Warren Buffett is a legend of investing, and it's impossible to seriously argue with his success -- a $40 billion personal fortune, plus an investment company that has produced annual gains of close to 20% for more than 40 years, making its shareholders very happy.
So how did he do it? By buying great companies at reasonable prices.
What makes a company great?
There are a number of factors that Buffett, the CEO of Berkshire Hathaway (NYS: BRK.A) (NYS: BRK.B) , looks for in a business before buying, such as a strong brand identity (usually associated with a dominant market position), together with consistent or growing profit margins and high returns on capital -- all of which can give a company a huge "economic moat" to protect it from competitors.
On top of that, Buffett looks to buy such companies at a significant discount to their real value -- companies that, for whatever reason, the market doesn't currently love, but whose true value will eventually be reflected in their share price.
As Benjamin Graham, Buffett's early mentor, famously wrote: "In the short term, the stock market behaves like a voting machine, but in the long term it acts like a weighing machine."
In the end, it's the weight that counts.
Buy what you understand
Buffett also prefers to buy businesses he understands -- companies such as retailers, banks, and manufacturers. He's notorious for shunning the tech sector, with the notable exception of IBM, whose clear business strategy impresses Buffett and prompted a recent $10 billion investment.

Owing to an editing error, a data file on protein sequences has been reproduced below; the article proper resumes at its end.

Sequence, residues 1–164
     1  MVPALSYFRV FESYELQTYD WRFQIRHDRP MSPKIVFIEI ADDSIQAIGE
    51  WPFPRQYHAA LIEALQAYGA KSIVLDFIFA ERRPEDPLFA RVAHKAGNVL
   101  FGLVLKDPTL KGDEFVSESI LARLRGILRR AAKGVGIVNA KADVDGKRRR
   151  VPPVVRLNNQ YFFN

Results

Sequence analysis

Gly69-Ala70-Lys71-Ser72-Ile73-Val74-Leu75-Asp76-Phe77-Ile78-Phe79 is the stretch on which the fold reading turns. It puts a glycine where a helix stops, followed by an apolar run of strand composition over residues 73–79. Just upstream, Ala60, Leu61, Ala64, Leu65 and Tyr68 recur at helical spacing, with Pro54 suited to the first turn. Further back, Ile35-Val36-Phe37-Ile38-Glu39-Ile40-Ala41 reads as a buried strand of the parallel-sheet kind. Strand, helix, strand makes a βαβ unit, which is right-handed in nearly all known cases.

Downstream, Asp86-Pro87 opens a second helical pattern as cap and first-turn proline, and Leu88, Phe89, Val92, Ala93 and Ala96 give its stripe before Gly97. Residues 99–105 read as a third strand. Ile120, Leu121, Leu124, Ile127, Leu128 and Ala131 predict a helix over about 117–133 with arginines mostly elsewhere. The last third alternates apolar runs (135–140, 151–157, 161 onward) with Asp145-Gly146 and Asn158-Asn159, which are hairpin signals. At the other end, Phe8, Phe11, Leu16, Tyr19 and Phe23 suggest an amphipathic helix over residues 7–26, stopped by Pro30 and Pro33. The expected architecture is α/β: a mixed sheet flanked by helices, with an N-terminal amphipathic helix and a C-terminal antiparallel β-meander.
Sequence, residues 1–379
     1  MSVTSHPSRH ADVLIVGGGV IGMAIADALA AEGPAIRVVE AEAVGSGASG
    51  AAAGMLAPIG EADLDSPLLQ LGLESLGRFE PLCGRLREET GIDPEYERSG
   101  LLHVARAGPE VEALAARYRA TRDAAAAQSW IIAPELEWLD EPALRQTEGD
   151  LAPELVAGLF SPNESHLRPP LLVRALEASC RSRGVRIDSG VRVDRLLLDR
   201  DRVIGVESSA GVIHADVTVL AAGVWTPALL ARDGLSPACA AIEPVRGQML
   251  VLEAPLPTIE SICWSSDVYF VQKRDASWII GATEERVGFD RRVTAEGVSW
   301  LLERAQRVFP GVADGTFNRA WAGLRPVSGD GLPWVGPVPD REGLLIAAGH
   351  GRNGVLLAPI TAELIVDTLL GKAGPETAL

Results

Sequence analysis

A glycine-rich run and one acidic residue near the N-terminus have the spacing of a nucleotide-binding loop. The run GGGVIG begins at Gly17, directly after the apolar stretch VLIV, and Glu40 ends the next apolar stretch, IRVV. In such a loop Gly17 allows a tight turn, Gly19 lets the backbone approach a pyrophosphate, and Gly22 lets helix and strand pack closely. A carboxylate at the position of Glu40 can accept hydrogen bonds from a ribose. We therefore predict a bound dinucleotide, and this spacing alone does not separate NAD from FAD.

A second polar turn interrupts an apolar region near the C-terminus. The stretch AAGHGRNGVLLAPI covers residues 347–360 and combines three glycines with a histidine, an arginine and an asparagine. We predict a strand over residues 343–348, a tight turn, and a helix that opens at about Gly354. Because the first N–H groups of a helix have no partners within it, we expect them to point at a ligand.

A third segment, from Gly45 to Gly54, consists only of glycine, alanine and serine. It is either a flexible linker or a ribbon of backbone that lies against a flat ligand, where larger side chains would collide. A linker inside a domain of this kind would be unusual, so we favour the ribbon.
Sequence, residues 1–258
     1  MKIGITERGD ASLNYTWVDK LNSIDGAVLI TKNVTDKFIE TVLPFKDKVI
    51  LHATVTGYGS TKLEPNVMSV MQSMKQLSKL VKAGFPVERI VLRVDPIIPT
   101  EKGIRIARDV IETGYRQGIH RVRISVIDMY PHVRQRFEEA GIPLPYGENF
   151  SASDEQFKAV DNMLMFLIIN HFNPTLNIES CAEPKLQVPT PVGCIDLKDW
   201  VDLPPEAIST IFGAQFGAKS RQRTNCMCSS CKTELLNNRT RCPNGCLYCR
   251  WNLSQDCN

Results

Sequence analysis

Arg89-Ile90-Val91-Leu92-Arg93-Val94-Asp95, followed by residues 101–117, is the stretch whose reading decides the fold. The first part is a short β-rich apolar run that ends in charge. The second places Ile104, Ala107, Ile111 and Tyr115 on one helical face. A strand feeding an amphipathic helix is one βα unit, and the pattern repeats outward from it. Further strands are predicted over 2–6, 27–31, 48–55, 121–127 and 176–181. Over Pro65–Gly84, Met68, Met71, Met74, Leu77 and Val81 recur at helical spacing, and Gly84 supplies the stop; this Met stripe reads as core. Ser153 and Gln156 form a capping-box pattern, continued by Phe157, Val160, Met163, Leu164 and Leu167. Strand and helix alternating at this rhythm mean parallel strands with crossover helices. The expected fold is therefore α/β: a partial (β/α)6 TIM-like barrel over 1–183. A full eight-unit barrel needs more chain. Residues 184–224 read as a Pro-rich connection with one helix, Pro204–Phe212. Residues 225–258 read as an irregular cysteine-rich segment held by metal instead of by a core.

True, this meant Buffett missed out on the chance to make loads of money in the dot-com boom of the late '90s. But it also meant he avoided losing money when the bubble burst in March of 2000.
Buffett also likes companies that pay a reliable dividend. Buffett may only be on a modest salary -- spectacularly modest, as CEO salaries go -- of $100,000, but last year that was supplemented by about $60 million in dividends from his personal share portfolio.
Buffett's approach to investing has led him to buy into high-quality companies such as Coca-Cola (NYS: KO) , American Express, Procter & Gamble, and Wal-Mart (NYS: WMT) . Better still, he bought them at what he believed to be bargain prices.
So why Tesco?
Warren Buffett rarely invests outside of the U.S., so when he chooses to buy into a U.K. company, it's time to take notice.
As part of Buffett's holdings, Tesco (OTC: TSCDY) -- of which the billionaire now owns a little more than 5% -- is keeping company with some illustrious stocks. Is the U.K. supermarket up to that challenge?
Buffet obviously thinks so. Even allowing for the slight fall in yearly sales, Tesco still dominates the British supermarket sector. And the group's international diversification is providing support during the U.K. economic downturn -- now officially a double-dip recession.
Tesco's group profit is still increasing (up 1.3%), as are its earnings per share (up 7%), cash flow (increased 4%), and dividend, which was raised to 14.76 pence per share -- a healthy yield of 4.6% at 322 pence. In other words, Tesco firmly ticks lots of Buffett's boxes.
Exactly the right time to buy
Despite all of that positive news, the market has fallen out of love with Tesco -- including, notably, City super-investor Neil Woodford, who has sold all of his funds' holdings in the company. As result, Tesco's shares are now trading about 20% lower than they were this time last year.
If you believe Warren Buffett, now may be exactly the right time to buy.
To learn more about Buffett's decision to buy Tesco, this free report -- "The One UK Share That Warren Buffett Loves" -- includes further analysis and reveals the price he paid.
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At the time thisarticle was published Both Jon and The Motley Fool own shares in Tesco. The Motley Fool owns shares of Berkshire Hathaway and Coca-Cola.Motley Fool newsletter serviceshave recommended buying shares of Tesco, Berkshire Hathaway, and Coca-Cola.Motley Fool newsletter serviceshave recommended creating a diagonal call position in Wal-Mart Stores. The Motley Fool has adisclosure policy.
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